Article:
On December 5, Antonio Gabriel Amador, 18, and Brandon Douglas Martinez, 20, were both sentenced to seven years in state prison for burglary and robbery. In their plea deals, four other felonies were dismissed for each man, and custody for trailing criminal matters will be served concurrently with the new sentences.
Amador and Martinez were accused of a crime spree in Escondido the night of August 21, 2013. A little after midnight, a woman on Kenora Place awoke to find two men with baseball bats in her home. When she called for her husband, the men fled.
Soon after, a person a few blocks away was robbed of his bicycle.
Next, a woman observed two strangers in her neighborhood trying doors. She yelled at them to leave when they approached her home, but one of them bashed in the windshield of her parked car with a baseball bat. Escondido police said the descriptions of those perpetrators and their getaway car matched Amador and Martinez.
The crime spree was halted about 2:30 a.m., after a woman named Ashley was awakened in her home by her dog. She discovered two men in her home — one armed with a baseball bat and another with a crowbar. Ashley called for her two male roommates; one man is in the Navy and one recently retired from the Navy.
The Navy men used their fists and chairs and a metal candle holder against the armed intruders, according to investigators. Ashley said she wrestled with the man who had the crowbar; the intruder left it behind when both burglars retreated via the living-room window, through which they had entered the home.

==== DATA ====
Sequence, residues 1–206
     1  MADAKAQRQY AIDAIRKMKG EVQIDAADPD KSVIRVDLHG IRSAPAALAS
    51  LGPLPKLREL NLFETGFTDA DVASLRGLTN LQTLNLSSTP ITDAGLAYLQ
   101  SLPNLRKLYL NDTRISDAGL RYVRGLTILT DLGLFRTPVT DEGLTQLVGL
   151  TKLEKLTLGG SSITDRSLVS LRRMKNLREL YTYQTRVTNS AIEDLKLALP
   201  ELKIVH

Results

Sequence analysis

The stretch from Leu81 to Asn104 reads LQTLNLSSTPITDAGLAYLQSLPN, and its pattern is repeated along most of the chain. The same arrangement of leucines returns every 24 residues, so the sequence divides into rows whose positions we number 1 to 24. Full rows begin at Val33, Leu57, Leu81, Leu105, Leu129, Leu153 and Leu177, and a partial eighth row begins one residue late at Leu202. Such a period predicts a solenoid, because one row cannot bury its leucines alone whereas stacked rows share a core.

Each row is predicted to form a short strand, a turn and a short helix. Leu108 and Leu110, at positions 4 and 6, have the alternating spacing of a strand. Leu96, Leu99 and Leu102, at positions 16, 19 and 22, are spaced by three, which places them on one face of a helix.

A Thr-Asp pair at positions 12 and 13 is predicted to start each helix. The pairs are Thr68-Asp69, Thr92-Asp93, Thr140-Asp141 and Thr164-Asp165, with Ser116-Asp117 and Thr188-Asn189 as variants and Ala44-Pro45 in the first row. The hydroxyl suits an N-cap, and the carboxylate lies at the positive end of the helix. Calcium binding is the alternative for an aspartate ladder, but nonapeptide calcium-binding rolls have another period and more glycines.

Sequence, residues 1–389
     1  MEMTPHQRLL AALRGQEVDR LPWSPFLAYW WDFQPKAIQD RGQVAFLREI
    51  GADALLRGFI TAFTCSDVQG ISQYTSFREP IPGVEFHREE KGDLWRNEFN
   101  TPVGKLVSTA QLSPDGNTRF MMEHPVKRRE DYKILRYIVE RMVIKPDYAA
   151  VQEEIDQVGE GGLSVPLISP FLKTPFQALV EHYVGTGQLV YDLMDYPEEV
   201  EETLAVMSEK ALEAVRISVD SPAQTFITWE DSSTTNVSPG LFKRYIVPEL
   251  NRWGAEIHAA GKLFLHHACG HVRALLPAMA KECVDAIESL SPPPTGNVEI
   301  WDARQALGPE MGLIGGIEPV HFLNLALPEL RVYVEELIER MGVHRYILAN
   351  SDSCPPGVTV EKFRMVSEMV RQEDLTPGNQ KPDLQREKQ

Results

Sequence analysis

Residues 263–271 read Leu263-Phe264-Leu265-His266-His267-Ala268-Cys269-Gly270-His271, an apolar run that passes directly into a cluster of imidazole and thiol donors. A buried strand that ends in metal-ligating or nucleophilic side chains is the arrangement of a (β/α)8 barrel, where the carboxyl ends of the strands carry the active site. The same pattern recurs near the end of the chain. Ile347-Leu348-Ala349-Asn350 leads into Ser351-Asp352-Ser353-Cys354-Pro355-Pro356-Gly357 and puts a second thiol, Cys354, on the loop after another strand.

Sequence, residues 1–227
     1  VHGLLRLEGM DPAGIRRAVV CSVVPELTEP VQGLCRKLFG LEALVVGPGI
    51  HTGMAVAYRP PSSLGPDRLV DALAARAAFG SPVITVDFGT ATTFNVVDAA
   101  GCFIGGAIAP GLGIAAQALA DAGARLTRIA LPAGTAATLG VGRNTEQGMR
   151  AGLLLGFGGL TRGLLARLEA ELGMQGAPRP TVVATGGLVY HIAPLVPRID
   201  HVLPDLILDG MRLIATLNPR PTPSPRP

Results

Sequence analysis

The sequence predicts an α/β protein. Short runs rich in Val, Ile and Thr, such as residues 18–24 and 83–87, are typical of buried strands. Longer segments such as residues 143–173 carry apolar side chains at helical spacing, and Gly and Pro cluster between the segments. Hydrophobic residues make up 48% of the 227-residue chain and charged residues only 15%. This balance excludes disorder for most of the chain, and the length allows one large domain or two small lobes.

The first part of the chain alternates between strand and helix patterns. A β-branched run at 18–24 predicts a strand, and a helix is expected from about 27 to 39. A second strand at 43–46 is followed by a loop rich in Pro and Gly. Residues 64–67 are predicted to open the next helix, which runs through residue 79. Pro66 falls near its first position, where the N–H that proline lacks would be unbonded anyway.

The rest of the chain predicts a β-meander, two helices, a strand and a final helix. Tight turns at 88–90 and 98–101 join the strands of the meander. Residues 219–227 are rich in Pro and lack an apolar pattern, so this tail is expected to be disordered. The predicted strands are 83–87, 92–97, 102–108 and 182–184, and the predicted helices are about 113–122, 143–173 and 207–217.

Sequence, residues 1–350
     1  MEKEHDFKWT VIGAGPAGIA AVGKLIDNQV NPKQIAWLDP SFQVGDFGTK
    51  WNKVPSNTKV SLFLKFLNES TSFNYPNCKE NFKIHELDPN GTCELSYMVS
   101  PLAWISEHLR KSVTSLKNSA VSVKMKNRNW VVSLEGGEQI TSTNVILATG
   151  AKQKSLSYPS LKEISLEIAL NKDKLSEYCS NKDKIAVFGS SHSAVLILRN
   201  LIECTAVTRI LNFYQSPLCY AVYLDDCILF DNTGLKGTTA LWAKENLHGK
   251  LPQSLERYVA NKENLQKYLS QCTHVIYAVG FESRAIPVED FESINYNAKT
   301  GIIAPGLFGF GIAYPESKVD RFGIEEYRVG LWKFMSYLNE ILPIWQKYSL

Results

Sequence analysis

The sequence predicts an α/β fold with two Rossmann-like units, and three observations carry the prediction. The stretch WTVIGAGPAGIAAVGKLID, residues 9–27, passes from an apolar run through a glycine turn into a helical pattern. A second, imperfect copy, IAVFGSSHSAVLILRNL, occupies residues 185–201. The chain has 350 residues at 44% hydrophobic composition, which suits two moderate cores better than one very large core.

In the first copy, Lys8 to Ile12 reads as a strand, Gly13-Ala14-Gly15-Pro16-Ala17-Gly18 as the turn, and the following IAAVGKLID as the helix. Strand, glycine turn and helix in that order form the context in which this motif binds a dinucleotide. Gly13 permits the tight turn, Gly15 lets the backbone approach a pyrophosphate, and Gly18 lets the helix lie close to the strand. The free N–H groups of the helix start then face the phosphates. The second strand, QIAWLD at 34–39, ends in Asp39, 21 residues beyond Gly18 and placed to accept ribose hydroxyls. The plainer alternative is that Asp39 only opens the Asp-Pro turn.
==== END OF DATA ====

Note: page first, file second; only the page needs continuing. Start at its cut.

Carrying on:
“We kept our window open 'cause our air conditioner is broken and it was hot,” said Ashley, who also served in the Navy.
The burglars left behind their baseball cap, shoes, blood, and other evidence, according to reports.
Amador and Martinez were apprehended when they went to Palomar Medical Center for treatment of head wounds.
A probation report stated that Martinez’s criminal record began when he was 14 years old, with residential burglary and grand theft. When he was 15, there was a graffiti conviction; when he was 16, more burglary; when he was 17, there was a petty theft and a DUI.
Amador began his criminal career at age 15, with grand theft and battery, according to a probation report. The next year, he was convicted of vehicle theft and burglary. When he was 17 years old, he was accused of participating in gang activities in Sacramento, plus having a stolen vehicle.
The men made plea deals on November 4 and were sentenced to prison on December 5. Judge David Berry also ordered each man to pay more than $3900 restitution to their victims.